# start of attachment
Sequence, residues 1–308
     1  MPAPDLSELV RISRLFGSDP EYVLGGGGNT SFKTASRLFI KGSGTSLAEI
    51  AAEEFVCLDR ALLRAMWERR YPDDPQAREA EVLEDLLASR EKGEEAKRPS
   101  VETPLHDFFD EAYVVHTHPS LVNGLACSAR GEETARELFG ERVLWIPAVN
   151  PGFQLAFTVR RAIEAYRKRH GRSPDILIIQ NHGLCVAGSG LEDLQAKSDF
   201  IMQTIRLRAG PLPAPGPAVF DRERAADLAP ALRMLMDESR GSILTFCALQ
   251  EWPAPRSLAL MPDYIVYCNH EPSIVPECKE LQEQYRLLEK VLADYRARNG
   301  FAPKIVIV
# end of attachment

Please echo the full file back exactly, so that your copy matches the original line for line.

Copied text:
Sequence, residues 1–308
     1  MPAPDLSELV RISRLFGSDP EYVLGGGGNT SFKTASRLFI KGSGTSLAEI
    51  AAEEFVCLDR ALLRAMWERR YPDDPQAREA EVLEDLLASR EKGEEAKRPS
   101  VETPLHDFFD EAYVVHTHPS LVNGLACSAR GEETARELFG ERVLWIPAVN
   151  PGFQLAFTVR RAIEAYRKRH GRSPDILIIQ NHGLCVAGSG LEDLQAKSDF
   201  IMQTIRLRAG PLPAPGPAVF DRERAADLAP ALRMLMDESR GSILTFCALQ
   251  EWPAPRSLAL MPDYIVYCNH EPSIVPECKE LQEQYRLLEK VLADYRARNG
   301  FAPKIVIV